-You can't come to t'pictures to read. You don't watch films in libraries.
-You can. They've got videos.
-Her. I recognise her.
-Did she go to our school?
-No, she were in a film.
-She were in Twa Cooler Blow. It was on Barry Norman.
-This is it.
-This is Twa Cooler Blow?
-It's meant to be really good, this.
Quiet! I can't hear a bloody word!
-You don't have to. You read it.
-It's not a bluey.
-YOU'RE in t'wrong film.
-Why don't you just leave?
-I don't believe this.
-Neither do I. It's a bit far-fetched.
-Barbara, thank God you're here.
-I've been desperate to do this ever since I arrived.
-It's been really hard since I last saw you.
-Has it, really?
We'll have to do something about that.
And that comes with best wishes from all the lads at Rotherham Plastics.
We'd like to show our appreciation to our own master butcher, Mr Hilary Briss.
I don't know what's in his sausages, but I haven't tasted finer.
(Oh, Hilary, you didn't?)
Right, as Mike's best man,
I've got to say a few words about his achievements.
So I won't be long!
-Watch it, pal!
-His lovely bride, Cheryl, asked me to keep it quick.
It's obviously what she's used to!
-That right, Cheryl?
-Sauce, eh? Sauce.
Now, Mike is my best friend in the world.
-I've known him since school. We sat together in Maths. We were a double act.
-The Terrible Twosome.
They tried to split us up. We always managed to sneak back together.
So they had to move me into a lower stream with the remedials.
Even in Art, the teacher preferred his drawing of a train to mine.
It was my pencil he drew it with!
NO-ONE ELSE LAUGHS
Those were the days, eh, Mike?
Happiest days of our lives.
We left St Mark's at the same time, started work for the same company, in the same office.
-Tell them about...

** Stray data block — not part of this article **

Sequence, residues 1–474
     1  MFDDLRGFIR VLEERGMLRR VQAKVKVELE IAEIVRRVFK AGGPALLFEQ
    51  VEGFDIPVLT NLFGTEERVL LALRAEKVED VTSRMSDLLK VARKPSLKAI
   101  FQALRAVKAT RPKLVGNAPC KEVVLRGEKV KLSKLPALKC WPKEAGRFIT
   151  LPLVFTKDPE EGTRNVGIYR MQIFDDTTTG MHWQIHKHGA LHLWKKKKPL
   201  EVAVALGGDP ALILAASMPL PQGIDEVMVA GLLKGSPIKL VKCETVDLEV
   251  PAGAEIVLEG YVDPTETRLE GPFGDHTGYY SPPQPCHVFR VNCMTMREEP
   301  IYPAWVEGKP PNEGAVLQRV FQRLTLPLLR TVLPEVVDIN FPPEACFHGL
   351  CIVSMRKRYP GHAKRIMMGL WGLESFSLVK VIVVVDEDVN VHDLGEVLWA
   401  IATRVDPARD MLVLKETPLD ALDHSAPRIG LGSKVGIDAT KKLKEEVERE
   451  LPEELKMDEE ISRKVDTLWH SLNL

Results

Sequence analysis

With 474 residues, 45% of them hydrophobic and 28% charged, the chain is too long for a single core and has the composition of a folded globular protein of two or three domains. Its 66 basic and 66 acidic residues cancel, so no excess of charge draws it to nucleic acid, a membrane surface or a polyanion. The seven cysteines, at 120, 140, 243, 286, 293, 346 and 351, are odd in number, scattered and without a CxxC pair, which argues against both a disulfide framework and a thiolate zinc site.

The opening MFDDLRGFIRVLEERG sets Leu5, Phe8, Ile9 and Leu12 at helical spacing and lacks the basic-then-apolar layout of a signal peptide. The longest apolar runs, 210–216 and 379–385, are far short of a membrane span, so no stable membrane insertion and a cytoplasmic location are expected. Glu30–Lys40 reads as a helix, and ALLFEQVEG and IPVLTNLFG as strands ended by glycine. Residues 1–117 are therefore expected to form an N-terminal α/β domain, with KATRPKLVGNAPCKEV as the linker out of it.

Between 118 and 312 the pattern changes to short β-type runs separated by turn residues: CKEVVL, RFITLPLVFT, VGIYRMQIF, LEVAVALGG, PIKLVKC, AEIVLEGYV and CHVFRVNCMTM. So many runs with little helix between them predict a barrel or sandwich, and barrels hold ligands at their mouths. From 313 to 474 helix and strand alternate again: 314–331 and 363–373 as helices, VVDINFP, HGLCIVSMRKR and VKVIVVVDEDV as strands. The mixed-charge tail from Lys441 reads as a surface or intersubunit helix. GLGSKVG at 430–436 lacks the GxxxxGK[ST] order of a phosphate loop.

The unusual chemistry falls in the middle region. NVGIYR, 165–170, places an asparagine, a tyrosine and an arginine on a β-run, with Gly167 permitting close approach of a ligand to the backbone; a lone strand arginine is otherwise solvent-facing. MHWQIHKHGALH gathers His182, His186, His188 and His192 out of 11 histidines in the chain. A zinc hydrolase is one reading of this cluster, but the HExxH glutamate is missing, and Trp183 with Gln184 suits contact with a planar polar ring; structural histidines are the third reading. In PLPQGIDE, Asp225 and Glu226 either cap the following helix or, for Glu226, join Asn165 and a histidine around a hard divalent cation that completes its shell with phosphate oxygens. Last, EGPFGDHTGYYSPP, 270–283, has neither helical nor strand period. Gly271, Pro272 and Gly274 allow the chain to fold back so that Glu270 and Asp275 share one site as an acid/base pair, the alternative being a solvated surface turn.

-Till Mike was headhunted.
I've watched him
rise and rise through the ranks to the position he holds today - my boss.
Who'd have thought he'd one day be ticking me off for not sending them faxes that night?
I can't believe it.
You work your fingers to the bone.
Anyway, I'm getting off the point.
About this time we're sharing the office, Mike is screwing my wife-to-be, Katy.
Cheryl, you're not part of this yet.
It's here that things finally go in my favour for a change, ladies and gentlemen.
In '87, both our mums got really ill. Mine got better.
But yours died, didn't she, Mike?
Your mum died and mine didn't.
I won that.
At least I won the mums!
Oh, it's a sorry affair, this. Reminds me of MY wedding day.
If she were here now, my Katy would agree with me.
But she's not here now.
Because she left me.
Didn't she, Brian?
But now I've got this gun!
Sometimes it would be so easy just to finish it!
Come on, now, Geoff.
Fair do's, eh?
Let's sit down now.
I hate you, Mike!
I hate your success and your suits and your beautiful wife!
Is she happy, Brian?
Well, it's Mike and Cheryl's day!
Charge your glasses, please. Join me in a toast. To the happy couple.
What are you doing?
I've never done this before.
Let's have some music, shall we?
SMOOCHY MUSIC Shift up.
What are you doing?
Ugh! What's that?
That's just the handbrake.
You see, when you buy a car you don't just go for the first one in the lot, do you?
No, you want to see under the hood,
fiddle with the points,
check if she slips easily into reverse.
-I don't know what you're on about!
-I'm not wearing any knickers, Ben.
-Give me your hand.
-You tell me that's not as good as the real thing, eh?
-Let go! What if somebody sees?
-No-one will see.
No, Barbara! I've got a girlfriend!
-I'm sorry. I'm already spoken for.
But I thought when you said you wanted to go with me, you meant...
I meant, to the station!
I want to leave. There's been a misunderstanding. I'm sorry.
SNIFFLING I feel such a fool.
Look, you're a lovely...
If I wasn't seeing someone else...
Don't, Ben. I think you'd better go now.
You can't just leave me here.
-You do know I'm having the operation, don't you?
-What am I meant to do?
-It was worth a try, though, wasn't it?
Who is it? What's going on?
It's me, Hilary. Maurice.
-Maurice, it's four in the morning.
-Let me in. It's important.
Quiet! You'll wake Mrs Briss.
-Have you got something for me?
-You know bloody well what I mean!
Oh, you've changed your tune.
-Can't you give me a little?
-I'm a respectable butcher. I keep regular hours. Come back tomorrow.
Please... Please, Hilary!
All right, Maurice.
Just this once,
I'll do you a favour.
I want more.
Perhaps you can do ME a favour some time.
Excuse me! Could you...?
Oh, of course.
Actually, it's just a bit further.
Subtitles by John Macdonald, Subtext for BBC Subtitling, 1999